Before I reveal the recipe, though, I’m glad you mentioned the Big Three tips for portion control that have been chewed-to-death. You’re right. We are smarter. (Really? Who knew? WE DID!) The truth is, when I want more food, I’ll find a way to get it. Counting calories? Heck, I’ll just do two work outs – tomorrow. Smaller plate? No worries, I just go for seconds. Become Vegetarian before the Christmas Party? Hah! There’s plenty of room in my gullet for red wine and a lick off the ol’ cheese ball. Like I said, we’re smarter than any diet rules.
That’s why I’m working on a new eGuide called, “Ditch the Diet.” Without diet rules, I’m left to my own wanderings and designs. I have to learn to follow my gut instincts. So far, my gut hasn’t failed. It’s not that I’ve totally surrendered and become a fudge whore. Rather, I’ve discovered why I eat, which has changed how I eat, which has transformed what I eat. I want the same for you, so let me start you off with three ways to trust your own gut and bypass the overeating drama throughout the Holidays and beyond.
You may notice a common theme in these ideas. They all create connection. In fact, they’re less about food and more about you reconnecting with you. Carrying too much weight can, over time, cause you to disconnect from your body and your heart. It’s no wonder, then, that when they need attention, they’ll use food to get it. The good news: your rich relationship with food can be your best teacher. This year, sideline the snappy tips — which only serve to keep you disconnected, anyway – and ask more of your food than the same old “should I/shouldn’t I” scuffle. Let food serve as your guru, your mentor, your minister. When the new year arrives, you will have gained so much more than the ten pounds everyone else did while staying in the struggle.
I’ve discovered why I eat, which has changed how I eat, which has transformed what I eat.
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My first yoga teacher had a license plate that read Ahimsa. Ahimsa is a sanskrit word that means, non-violence. This is the story of my journey to learning the true meaning of Ahimsa and finding peace with my body, mind and spirit.
I had a less than ideal childhood: I felt unloved, unworthy, and abandoned. I became an overweight child, something I wouldn’t wish on anyone. I was teased and bullied because of my size and I felt completely alone and powerless. As I got older, I tried to find ways to control my life any way that I could. My primary outlets for this became diet and exercise. I’d successfully lose weight, but then I’d gain it all back, a cycle that only contributed to my feelings of self-hate.
I had always been interested in yoga, but didn’t think that I could actually do it, until a personal trainer at the gym recommended that give it a try. One day, I finally did. The teacher was kind and supportive and I felt challenged. I was hooked and knew I wanted to learn more.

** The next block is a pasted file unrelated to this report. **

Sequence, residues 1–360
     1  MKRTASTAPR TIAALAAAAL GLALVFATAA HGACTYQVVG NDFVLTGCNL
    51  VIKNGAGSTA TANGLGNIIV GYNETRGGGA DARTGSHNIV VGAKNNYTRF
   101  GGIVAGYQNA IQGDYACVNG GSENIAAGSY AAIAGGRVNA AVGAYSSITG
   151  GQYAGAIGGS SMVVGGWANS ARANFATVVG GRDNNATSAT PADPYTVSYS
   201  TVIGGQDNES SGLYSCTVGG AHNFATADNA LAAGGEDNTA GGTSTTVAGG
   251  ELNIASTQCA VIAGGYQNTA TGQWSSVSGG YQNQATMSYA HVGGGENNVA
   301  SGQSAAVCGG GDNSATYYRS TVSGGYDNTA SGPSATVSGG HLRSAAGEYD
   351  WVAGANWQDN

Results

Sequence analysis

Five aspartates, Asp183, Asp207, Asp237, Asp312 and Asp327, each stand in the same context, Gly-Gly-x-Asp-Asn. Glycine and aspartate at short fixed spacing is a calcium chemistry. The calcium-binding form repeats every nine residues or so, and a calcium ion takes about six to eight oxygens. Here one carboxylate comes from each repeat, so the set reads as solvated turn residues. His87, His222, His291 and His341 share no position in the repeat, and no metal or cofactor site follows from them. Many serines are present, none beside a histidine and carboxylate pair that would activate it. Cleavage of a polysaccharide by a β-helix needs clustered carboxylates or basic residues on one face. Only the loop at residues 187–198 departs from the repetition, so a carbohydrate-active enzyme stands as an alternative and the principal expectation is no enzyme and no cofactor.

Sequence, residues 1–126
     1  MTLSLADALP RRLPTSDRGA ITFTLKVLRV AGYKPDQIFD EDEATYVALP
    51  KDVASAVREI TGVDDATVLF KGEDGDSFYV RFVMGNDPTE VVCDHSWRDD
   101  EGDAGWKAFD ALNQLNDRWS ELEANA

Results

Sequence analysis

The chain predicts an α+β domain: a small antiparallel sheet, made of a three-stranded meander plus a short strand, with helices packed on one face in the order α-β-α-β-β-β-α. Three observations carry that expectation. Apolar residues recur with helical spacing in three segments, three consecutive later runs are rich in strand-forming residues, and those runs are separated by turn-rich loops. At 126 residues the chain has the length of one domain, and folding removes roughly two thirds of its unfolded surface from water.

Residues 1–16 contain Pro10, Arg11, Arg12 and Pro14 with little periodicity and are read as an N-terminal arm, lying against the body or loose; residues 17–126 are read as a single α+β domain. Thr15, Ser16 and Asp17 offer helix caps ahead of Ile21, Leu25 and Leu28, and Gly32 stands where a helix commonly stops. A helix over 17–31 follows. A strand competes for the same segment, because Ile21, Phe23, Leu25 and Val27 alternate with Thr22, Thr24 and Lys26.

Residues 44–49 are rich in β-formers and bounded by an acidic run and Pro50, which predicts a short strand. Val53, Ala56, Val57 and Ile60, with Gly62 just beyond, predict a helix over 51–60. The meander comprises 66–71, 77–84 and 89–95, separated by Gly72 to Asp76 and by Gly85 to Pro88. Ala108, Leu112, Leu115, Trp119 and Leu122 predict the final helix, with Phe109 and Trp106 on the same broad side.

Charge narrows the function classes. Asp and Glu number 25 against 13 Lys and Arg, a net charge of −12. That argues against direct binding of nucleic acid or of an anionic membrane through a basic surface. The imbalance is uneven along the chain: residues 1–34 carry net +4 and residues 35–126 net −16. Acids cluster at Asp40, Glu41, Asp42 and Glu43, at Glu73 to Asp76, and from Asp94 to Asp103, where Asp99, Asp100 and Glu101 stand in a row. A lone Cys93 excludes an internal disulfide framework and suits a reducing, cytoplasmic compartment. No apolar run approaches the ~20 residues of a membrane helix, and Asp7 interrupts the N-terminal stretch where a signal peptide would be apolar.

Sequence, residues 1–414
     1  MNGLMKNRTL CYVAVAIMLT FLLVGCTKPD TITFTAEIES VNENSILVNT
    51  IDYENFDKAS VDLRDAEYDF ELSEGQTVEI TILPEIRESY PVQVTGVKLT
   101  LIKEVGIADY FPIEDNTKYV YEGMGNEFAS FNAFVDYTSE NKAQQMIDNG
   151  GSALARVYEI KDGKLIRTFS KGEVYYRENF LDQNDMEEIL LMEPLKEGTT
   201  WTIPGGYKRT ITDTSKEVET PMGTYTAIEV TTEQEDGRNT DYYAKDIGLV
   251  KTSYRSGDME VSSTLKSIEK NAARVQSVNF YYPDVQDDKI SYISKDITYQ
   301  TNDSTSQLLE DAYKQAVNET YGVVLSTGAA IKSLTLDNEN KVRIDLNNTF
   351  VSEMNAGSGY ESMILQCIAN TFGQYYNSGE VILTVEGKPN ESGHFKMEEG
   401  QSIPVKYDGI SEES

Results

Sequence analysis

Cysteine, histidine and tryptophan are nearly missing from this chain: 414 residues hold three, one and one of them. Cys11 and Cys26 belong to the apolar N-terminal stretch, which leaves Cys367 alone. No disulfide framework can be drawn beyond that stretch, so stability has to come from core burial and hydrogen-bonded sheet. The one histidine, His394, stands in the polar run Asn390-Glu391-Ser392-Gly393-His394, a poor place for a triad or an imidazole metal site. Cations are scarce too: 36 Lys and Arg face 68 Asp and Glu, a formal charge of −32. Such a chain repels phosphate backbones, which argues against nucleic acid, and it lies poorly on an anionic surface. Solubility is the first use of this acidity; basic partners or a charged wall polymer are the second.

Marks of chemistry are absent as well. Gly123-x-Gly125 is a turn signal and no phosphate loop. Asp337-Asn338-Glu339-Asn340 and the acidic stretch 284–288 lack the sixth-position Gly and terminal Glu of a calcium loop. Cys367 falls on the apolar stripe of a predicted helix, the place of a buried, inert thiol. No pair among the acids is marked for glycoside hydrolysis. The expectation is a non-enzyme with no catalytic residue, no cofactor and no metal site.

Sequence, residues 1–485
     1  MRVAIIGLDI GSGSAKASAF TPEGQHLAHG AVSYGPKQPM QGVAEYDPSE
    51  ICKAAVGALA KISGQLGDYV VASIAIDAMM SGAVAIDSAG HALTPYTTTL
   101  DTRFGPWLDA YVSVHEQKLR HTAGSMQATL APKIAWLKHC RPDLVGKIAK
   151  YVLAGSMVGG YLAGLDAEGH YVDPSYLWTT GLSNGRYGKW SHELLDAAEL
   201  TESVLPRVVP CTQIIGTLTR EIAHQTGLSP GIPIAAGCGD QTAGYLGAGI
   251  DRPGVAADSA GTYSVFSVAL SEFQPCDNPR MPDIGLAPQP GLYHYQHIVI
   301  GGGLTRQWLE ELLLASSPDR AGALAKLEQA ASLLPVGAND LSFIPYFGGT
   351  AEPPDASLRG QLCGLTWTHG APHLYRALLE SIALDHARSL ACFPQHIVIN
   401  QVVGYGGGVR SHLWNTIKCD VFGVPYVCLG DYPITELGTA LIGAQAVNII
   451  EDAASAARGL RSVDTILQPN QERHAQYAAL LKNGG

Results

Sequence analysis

Soon into my yoga journey, I realized that for the 90 minutes I was in class, I could let go of control, negative thoughts, and feelings of self-hate. However, as I went deeper into yoga, there was a part of me that wanted to be like the other yogis: thin and able to do poses such as upward facing bow pose and handstand. I thought if I looked a certain way and could do advanced asanas that I would finally find confidence and happiness. I became desperate to lose weight; I just knew that everything I had ever wanted would be mine if I could just achieve a smaller body. I drastically cut my calorie intake and started spending upwards of three hours at the gym every day doing cardio and yoga.
And I saw results! I dropped over 100 pounds in less than nine months. However, I was still beating myself up, physically and mentally. My self-talk was negative, and on top of that, I was over-exercising, pushing my body beyond its limits. And ironically, despite the increased activity level and the weight loss, I didn’t feel better about myself because I weighed less; I was still in pain physically and mentally. I had developed persistent knee pain and after several weeks, it hadn’t gone away. I had a series of X-rays and an MRI, which showed I had a torn meniscus and osteoarthritis.
Arthritis at 38, that was difficult to accept! I had to change everything; I could no longer sustain the activity level that I’d been doing.
All of these realizations led to a downward spiral into despair. I gained a few pounds and knew I needed to do something about it, but I couldn’t exercise the way I had grown accustomed to. I felt like I had my life torn away from me, I couldn’t even walk without being in pain, which meant that the aerobic exercise I had been doing was out of question. As a person who has dealt with compulsive eating, body image issues, and depression, it is a real challenge to pull out of that darkness. I gained 20 pounds, 20 became 40, and then 60 pounds. The realization that I might not get back to where I began become a real possibility. I wanted to treat myself with love and compassion, but how could I? I was unworthy at the very level of being able to take care of myself. I had failed.
My knee injury became a defining moment in my life. Isn’t it interesting how injuries become our teachers? I had to give up my strong practice in lieu of a gentle and restorative practice, had to do physical therapy. I went to a counselor and started working on my issues with compulsive eating, self-hate, and body image. I began to meditate seriously and found joy in kirtan (call and response singing). With all of this intensive internal work, my life started to shift and I started listening, I learned to connect with compassion and make peace with my body and mind. I had to find out what worked for me and I had to learn that could not let others determine what I should or should do in my practice.
I decided that I wanted to live and not hide; I wanted to live an empowered life and not see myself as a victim. Between yoga, meditation, therapy, and, surprisingly a knee injury, I learned to make peace with my body, mind, and spirit.
To say that yoga changed my life is an understatement. No one told me I couldn’t practice or teach yoga, and along the way I discovered the true meaning of Ahimsa.
Cami Cote is a yogini, a registered yoga teacher with Yoga Alliance, and a kirtan wallah living in Missoula, Montana. She currently lives with hypothyroidism and arthritis, but doesn’t let those obstacles get in the way of her yoga practice or living life to the fullest. “I want to share my story to inspire people, to raise awareness of the fact that there are full figured yogis in the world despite what you see in the average yoga class, that we are strong, capable and able to practice. Anyone that has the desire to practice yoga should get out there and try it. The yogic path takes dedication, hard work and above all self-love.” If you want to know more or connect with Cami, visit her www.rivercityyoga.net